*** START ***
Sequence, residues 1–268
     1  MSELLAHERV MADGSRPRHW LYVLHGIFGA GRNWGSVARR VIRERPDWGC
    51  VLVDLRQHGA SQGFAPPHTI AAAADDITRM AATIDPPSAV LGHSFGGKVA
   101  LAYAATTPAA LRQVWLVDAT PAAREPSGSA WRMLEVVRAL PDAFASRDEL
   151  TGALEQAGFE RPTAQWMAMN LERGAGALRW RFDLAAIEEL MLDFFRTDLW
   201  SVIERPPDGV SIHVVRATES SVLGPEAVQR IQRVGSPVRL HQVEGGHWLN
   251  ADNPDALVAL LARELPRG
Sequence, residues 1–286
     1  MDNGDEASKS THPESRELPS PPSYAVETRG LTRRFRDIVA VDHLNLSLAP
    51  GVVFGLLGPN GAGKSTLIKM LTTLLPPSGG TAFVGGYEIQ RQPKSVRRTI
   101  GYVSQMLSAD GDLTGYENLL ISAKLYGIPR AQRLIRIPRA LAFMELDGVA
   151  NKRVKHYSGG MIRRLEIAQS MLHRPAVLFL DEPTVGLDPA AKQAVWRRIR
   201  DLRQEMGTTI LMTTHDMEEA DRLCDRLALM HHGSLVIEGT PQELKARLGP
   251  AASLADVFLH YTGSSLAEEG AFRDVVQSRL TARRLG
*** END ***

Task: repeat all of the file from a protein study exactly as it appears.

Sequence, residues 1–268
     1  MSELLAHERV MADGSRPRHW LYVLHGIFGA GRNWGSVARR VIRERPDWGC
    51  VLVDLRQHGA SQGFAPPHTI AAAADDITRM AATIDPPSAV LGHSFGGKVA
   101  LAYAATTPAA LRQVWLVDAT PAAREPSGSA WRMLEVVRAL PDAFASRDEL
   151  TGALEQAGFE RPTAQWMAMN LERGAGALRW RFDLAAIEEL MLDFFRTDLW
   201  SVIERPPDGV SIHVVRATES SVLGPEAVQR IQRVGSPVRL HQVEGGHWLN
   251  ADNPDALVAL LARELPRG
Sequence, residues 1–286
     1  MDNGDEASKS THPESRELPS PPSYAVETRG LTRRFRDIVA VDHLNLSLAP
    51  GVVFGLLGPN GAGKSTLIKM LTTLLPPSGG TAFVGGYEIQ RQPKSVRRTI
   101  GYVSQMLSAD GDLTGYENLL ISAKLYGIPR AQRLIRIPRA LAFMELDGVA
   151  NKRVKHYSGG MIRRLEIAQS MLHRPAVLFL DEPTVGLDPA AKQAVWRRIR
   201  DLRQEMGTTI LMTTHDMEEA DRLCDRLALM HHGSLVIEGT PQELKARLGP
   251  AASLADVFLH YTGSSLAEEG AFRDVVQSRL TARRLG